While the jury is still out on whether the global agreement made in Paris at the 2015 United Nations Climate Change Conference, to reduce greenhouse gas emissions, will combat the rise in overall temperatures, one thing we can do now is review our own relationship with water to see how we impact this resource. Houston Center for Photography’s newest installation, In the Wake—which merges with FotoFest 2016 Biennial’s theme, Changing Circumstances: Looking at The Future of The Planet—illustrates this topic masterfully.
“While scouting the nation at different conferences over this past year we noticed that the majority of artists were talking about water or some form of water, and how climate change has impacted either the water cycle or the water itself,” says HCP Director of Exhibitions & Programs Caroline Docwra. “As a result of climate change, what are we looking at, what are we seeing today?”
The installation aggressively highlights climate change in a multimedia platform featuring aerial photography sailing over bodies of water, video scenes from Monterrey Bay, abstracted landscapes using LED imagery, and portrait photography using melting glaciers as a subject.
One of eight exhibiting artists, Pittsburgh native, Lori Hepner, shows her abstracted landscapes from the Arctic, including Finland and Iceland, using homemade LED lights. The long exposure photos depict Hepner dancing in front of the camera for up to half a minute with her lights in hand, creating abstracted imagery of the landscape.
With a desire to see parts of the world that would be changing in her lifetime, Hepner spent a total of seven months in Finland, over the past 18 months. Through traveling and taking solo hikes and photo trips photographing landscapes and speaking with locals, Hepner found what the people who live there were saying about climate change to be fascinating. “They were talking about how they think their memories might be changing, as climate change alters their landscapes,” she says. “They were telling me how the ocean didn’t freeze last year, but it usually does, so they couldn’t walk across between the islands. Things like that were really astonishing to me.”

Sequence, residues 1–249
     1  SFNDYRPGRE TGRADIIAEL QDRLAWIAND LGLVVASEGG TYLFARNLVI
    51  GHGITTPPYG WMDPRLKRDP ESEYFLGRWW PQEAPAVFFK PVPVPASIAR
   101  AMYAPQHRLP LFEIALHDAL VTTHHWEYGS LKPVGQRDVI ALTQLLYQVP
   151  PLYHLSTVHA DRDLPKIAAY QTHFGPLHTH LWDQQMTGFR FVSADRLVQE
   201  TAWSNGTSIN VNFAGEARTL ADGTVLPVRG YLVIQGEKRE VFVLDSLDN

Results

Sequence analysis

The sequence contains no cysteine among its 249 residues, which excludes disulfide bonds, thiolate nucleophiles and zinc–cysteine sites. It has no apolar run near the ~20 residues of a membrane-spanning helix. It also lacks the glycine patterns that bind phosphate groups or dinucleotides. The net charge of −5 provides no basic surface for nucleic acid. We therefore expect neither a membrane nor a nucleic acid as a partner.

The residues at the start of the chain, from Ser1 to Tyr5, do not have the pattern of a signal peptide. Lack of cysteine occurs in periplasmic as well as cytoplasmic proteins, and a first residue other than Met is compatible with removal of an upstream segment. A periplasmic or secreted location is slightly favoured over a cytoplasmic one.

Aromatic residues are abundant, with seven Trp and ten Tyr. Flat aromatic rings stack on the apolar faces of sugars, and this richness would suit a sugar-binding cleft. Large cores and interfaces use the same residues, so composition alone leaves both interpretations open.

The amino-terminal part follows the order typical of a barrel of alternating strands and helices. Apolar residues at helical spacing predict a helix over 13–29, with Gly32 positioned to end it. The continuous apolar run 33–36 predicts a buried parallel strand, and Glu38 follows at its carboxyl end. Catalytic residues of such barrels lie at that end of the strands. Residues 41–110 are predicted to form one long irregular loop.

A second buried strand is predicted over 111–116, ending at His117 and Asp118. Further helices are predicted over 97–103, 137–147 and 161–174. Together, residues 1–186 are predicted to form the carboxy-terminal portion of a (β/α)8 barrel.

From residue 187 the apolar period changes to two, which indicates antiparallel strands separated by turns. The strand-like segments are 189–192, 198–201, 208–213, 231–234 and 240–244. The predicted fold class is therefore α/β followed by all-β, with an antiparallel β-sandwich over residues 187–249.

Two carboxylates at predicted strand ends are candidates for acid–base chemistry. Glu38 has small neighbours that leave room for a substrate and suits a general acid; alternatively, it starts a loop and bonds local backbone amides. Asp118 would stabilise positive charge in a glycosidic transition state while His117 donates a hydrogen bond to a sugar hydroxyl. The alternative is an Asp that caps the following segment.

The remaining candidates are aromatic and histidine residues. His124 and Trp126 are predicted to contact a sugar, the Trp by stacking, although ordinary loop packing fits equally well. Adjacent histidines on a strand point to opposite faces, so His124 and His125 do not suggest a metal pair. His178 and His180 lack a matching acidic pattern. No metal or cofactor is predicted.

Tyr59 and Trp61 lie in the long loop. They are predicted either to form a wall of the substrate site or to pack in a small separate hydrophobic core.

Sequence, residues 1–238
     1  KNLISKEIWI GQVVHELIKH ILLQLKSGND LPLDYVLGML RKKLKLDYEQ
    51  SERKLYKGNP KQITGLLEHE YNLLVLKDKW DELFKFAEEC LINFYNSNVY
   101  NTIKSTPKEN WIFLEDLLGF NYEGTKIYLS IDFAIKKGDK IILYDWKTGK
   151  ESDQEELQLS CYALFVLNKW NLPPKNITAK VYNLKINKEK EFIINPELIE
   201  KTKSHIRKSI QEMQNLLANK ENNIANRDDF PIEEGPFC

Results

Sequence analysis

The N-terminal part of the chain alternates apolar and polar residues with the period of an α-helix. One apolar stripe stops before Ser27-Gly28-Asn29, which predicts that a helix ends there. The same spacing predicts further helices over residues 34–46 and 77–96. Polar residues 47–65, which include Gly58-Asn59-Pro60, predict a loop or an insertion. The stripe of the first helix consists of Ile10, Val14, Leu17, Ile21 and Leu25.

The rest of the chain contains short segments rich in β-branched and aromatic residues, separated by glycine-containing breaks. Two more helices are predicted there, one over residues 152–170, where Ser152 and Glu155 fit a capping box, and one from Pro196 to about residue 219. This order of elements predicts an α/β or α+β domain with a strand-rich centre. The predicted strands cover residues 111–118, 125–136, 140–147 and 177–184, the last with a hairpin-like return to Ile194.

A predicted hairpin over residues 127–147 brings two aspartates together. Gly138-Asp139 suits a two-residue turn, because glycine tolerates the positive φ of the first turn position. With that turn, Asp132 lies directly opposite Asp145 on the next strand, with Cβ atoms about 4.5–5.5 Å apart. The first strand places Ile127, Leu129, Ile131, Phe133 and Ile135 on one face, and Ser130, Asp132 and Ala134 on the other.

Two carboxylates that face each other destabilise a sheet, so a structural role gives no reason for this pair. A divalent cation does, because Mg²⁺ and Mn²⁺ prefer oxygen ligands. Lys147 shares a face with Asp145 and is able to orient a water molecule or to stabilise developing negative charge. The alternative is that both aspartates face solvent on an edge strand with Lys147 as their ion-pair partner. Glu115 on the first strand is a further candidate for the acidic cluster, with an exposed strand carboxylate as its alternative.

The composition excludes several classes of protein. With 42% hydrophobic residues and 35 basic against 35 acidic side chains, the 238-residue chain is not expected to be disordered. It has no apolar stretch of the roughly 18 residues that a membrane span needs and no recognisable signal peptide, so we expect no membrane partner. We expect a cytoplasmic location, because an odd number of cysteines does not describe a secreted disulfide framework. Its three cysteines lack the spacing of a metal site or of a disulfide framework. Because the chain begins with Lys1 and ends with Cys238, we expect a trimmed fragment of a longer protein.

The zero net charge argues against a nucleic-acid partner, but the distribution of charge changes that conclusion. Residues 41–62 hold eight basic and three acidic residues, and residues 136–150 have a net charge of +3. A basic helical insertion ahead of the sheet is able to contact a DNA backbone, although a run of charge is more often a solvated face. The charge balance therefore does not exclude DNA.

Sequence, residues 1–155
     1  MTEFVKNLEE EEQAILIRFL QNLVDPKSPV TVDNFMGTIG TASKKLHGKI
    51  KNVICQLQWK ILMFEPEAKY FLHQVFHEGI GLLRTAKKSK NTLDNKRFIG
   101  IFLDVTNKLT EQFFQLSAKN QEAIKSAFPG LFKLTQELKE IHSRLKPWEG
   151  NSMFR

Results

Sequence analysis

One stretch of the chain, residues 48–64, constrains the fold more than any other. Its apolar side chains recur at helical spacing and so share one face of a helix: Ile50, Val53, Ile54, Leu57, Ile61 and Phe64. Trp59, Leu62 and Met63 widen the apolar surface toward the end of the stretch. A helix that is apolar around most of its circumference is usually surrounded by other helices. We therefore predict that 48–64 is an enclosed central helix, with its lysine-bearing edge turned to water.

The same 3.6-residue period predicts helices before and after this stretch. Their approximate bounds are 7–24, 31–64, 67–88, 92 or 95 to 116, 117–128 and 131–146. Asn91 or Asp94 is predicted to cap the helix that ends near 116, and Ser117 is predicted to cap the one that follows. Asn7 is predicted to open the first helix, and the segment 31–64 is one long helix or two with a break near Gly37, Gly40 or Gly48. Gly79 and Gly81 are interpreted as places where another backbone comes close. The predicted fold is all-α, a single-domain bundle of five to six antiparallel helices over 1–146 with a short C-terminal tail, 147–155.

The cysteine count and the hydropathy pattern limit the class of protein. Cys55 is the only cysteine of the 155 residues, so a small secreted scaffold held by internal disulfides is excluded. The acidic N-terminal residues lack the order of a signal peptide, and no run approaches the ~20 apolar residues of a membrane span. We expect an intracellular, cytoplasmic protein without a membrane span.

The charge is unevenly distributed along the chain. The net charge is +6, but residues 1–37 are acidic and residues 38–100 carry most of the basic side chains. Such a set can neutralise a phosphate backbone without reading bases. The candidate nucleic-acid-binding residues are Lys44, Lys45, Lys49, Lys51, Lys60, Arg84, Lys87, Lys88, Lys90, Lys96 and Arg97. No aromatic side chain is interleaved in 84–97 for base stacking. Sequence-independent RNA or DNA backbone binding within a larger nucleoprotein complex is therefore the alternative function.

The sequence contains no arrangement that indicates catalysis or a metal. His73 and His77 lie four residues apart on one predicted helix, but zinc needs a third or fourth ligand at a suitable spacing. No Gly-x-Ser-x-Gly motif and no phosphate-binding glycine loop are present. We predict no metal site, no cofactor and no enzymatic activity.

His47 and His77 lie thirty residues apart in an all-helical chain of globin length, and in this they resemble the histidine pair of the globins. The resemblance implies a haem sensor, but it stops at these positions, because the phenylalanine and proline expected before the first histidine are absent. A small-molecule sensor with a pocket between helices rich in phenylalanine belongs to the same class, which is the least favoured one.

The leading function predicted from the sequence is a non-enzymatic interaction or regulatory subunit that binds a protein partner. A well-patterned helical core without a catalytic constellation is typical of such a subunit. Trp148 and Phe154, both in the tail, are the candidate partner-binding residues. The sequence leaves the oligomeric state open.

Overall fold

Other exhibiting artists for In the Wake include Bigert & Bergström, a collective duo from Sweden who has worked collaboratively for 25 years. Their focus is on geoengineering and how humans try to control living conditions by using technology to affect the climate. Using stark contrast imagery, including spherical photography from a desalination power plant at the Llobregat River outside Barcelona in Spain, to crystal structures from the salt pans on the Adriatic coast of Italy called Margherita di Savoia, these images show how one facility in the Mediterranean subtracts salt and another procures the surplus of salt from the sea.
“I guess this is what we artists can do, we can create this sort of symbolic gesture about this whole question of talking about climate change, which has been all over,” says artist Mats Bigert. “I think everyone has to be reminded all the time, but you then have to use different imagery because there is, I would say, climate change fatigue among the general public.”
Thru May 8. Houston Center for Photography, 1441 W. Alabama. 713-529-4755. hcponline.org